Simulation result for protein folding/unfolding is highly dependent on the accuracy of the force field employed. Even for the simplest structure of protein such as a short helix, simulations using the existing force fields often fail to produce the correct structural/thermodynamic properties of the protein. Recent research indicated that lack of polarization is at least partially responsible for the failure to successfully fold a short helix. In this work, we develop a simple formula-based atomic charge polarization model for intraprotein (backbone) hydrogen bonding based on the existing AMBER force field to study the thermal stability of a short helix (2I9M) by replica exchange molecular dynamics simulation. By comparison of the simulation results with those obtained by employing the standard AMBER03 force field, the formula-based atomic charge polarization model gave the helix melting curve in close agreement with the NMR experiment. However, in simulations using the standard AMBER force field, the helix was thermally unstable at the temperature of the NMR experiment, with a melting temperature almost below the freezing point. The difference in observed thermal stability from these two simulations is the effect of backbone intraprotein polarization, which was included in the formula-based atomic charge polarization model. The polarization of backbone hydrogen bonding thus plays a critical role in the thermal stability of helix or more general protein structures.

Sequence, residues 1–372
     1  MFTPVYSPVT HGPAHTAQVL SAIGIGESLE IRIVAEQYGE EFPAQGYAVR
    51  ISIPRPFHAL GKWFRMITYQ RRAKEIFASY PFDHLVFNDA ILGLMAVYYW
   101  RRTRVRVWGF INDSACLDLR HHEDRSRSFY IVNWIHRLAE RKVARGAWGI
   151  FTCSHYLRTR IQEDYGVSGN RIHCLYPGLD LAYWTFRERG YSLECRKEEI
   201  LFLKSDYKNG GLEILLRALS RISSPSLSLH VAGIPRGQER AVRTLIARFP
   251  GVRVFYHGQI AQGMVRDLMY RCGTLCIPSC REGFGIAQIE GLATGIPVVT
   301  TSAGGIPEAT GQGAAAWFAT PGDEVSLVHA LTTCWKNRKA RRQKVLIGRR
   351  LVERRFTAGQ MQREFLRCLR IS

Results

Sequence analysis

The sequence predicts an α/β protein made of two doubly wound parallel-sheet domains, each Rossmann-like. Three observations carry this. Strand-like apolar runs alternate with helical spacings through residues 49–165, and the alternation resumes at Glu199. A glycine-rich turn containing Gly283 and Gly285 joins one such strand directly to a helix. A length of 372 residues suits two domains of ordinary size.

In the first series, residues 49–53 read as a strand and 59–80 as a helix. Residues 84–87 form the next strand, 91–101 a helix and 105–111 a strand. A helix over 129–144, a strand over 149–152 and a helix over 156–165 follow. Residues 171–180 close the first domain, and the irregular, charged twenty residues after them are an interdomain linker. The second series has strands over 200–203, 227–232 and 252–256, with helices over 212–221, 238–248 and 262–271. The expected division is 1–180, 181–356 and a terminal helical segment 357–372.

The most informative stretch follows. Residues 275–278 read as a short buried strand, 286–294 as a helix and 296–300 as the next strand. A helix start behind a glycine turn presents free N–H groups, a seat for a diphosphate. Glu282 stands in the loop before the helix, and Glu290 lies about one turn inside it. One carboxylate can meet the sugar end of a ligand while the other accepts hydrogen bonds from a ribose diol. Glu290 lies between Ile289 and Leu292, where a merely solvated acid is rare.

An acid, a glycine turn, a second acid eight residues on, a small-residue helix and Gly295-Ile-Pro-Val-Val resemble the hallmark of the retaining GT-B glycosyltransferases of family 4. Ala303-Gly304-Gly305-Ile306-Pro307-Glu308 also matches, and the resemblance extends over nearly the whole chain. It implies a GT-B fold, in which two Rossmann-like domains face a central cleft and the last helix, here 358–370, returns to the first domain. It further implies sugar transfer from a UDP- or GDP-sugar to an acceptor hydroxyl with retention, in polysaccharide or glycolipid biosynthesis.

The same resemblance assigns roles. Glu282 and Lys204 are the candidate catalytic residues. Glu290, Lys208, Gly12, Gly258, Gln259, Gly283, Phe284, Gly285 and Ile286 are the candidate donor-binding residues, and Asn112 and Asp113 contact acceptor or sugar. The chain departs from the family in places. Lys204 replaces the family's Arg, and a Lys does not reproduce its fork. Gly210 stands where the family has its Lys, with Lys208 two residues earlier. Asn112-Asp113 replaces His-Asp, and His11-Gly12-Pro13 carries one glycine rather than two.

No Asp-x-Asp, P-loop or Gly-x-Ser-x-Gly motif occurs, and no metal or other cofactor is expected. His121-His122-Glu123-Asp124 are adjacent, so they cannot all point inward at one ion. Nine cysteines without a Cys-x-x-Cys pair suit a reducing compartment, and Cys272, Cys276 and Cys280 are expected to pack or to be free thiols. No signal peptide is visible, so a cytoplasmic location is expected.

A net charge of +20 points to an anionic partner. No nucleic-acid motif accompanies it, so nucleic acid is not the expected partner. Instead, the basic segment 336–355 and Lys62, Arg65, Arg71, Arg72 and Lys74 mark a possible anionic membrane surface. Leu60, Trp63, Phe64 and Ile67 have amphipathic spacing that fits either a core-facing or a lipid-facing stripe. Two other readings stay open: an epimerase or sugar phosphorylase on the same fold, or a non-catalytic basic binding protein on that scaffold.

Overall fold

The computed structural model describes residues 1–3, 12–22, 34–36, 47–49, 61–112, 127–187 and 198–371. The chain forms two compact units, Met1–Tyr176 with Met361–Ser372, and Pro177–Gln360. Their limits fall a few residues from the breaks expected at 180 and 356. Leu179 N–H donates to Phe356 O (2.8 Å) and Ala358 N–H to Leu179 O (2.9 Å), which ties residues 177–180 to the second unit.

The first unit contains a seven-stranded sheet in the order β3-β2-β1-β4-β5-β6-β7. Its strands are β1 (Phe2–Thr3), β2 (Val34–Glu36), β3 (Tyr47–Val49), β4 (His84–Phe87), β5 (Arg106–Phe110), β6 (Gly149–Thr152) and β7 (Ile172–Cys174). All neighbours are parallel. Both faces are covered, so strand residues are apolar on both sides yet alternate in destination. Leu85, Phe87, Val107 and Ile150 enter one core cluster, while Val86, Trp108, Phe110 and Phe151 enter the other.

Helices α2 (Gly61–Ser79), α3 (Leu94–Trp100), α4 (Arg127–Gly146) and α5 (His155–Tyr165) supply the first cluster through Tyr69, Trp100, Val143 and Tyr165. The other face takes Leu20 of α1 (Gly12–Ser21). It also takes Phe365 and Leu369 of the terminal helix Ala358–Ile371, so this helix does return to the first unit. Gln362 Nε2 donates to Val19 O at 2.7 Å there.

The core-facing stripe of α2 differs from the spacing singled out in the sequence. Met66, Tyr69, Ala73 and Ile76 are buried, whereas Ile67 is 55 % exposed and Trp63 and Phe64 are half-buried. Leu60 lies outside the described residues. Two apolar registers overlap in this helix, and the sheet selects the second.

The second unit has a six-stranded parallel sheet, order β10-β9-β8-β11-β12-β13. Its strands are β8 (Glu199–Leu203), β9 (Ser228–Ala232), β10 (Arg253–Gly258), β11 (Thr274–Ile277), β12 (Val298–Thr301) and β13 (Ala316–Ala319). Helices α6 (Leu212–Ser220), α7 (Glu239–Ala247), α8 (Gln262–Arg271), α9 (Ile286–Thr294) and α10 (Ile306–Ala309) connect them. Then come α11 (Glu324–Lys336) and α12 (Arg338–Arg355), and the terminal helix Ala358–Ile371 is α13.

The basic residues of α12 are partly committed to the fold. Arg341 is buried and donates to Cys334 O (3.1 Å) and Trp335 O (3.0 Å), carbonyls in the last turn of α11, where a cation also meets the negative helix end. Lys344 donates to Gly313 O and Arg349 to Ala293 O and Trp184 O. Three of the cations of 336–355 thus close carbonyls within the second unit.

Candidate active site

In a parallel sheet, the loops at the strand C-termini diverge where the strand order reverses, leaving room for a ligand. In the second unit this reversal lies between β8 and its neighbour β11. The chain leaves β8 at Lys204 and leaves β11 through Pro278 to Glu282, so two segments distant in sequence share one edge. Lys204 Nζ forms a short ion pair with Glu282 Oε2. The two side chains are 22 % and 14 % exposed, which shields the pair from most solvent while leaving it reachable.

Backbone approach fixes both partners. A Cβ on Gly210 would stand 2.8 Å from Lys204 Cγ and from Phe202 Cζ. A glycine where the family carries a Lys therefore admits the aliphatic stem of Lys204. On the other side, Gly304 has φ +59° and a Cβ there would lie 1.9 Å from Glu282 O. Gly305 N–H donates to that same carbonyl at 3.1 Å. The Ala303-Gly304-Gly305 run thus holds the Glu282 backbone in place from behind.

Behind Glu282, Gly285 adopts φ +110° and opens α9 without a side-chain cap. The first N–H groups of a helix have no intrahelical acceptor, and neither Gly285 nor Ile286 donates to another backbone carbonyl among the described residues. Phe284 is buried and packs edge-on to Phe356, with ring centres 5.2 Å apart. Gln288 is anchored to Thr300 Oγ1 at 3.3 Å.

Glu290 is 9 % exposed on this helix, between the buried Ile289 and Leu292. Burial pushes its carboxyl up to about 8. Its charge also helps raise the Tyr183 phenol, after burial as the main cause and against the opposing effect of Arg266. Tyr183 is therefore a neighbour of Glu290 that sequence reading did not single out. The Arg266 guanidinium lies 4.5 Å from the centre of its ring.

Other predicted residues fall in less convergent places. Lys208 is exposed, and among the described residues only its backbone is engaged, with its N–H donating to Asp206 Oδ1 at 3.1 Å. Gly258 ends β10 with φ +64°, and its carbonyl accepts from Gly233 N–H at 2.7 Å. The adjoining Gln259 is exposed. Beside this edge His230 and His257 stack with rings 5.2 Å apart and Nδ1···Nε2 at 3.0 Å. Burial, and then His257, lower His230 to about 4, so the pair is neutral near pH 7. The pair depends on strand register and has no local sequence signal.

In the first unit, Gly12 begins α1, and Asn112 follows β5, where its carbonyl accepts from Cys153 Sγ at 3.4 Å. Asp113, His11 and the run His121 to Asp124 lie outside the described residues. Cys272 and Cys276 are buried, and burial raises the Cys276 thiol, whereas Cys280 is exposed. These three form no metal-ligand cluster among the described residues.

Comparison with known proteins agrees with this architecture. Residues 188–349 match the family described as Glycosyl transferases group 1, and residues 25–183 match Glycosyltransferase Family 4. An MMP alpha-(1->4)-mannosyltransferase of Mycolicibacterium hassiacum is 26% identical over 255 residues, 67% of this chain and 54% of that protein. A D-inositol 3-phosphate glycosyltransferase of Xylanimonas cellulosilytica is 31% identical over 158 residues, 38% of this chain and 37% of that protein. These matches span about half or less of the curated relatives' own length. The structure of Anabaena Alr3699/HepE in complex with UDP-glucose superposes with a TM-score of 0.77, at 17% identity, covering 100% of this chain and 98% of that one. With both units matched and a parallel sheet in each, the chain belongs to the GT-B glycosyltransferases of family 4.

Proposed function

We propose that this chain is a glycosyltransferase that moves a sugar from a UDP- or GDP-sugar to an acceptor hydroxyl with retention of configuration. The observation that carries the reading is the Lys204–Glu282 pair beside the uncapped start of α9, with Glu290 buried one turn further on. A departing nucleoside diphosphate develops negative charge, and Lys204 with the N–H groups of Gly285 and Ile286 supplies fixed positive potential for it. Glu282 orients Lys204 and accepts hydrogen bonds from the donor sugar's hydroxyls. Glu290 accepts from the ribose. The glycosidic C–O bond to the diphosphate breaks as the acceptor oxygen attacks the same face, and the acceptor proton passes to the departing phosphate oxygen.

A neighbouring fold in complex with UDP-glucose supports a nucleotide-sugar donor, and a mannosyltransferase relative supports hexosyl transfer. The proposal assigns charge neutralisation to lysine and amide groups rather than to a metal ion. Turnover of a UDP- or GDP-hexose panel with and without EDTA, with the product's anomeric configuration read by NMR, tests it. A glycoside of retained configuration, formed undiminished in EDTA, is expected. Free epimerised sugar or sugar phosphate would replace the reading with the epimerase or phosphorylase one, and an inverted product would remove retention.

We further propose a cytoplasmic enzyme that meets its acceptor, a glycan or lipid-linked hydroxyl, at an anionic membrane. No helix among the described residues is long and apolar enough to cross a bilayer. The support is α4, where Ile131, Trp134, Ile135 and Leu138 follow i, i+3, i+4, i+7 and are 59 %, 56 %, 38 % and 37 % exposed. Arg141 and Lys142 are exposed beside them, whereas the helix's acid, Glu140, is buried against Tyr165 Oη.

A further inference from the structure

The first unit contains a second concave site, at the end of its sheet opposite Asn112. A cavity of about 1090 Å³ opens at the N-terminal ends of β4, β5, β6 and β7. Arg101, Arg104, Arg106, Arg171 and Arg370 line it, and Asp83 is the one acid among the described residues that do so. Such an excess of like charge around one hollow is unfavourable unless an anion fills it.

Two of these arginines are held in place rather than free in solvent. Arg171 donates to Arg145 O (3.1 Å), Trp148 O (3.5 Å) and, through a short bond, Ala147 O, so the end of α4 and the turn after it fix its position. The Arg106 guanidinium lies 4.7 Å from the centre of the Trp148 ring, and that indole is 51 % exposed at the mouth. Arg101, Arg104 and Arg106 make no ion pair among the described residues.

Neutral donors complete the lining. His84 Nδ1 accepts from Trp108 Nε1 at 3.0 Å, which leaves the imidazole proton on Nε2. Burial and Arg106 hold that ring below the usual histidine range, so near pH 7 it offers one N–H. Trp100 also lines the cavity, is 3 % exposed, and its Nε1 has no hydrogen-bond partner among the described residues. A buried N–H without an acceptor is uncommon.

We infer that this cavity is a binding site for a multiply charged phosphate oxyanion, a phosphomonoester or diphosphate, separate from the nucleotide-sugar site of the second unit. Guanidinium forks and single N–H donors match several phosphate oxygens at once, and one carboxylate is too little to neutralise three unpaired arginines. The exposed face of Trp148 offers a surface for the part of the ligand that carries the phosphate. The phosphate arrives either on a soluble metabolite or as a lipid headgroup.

ASJC Scopus subject areas
- Physical and Theoretical Chemistry
- Surfaces, Coatings and Films
- Materials Chemistry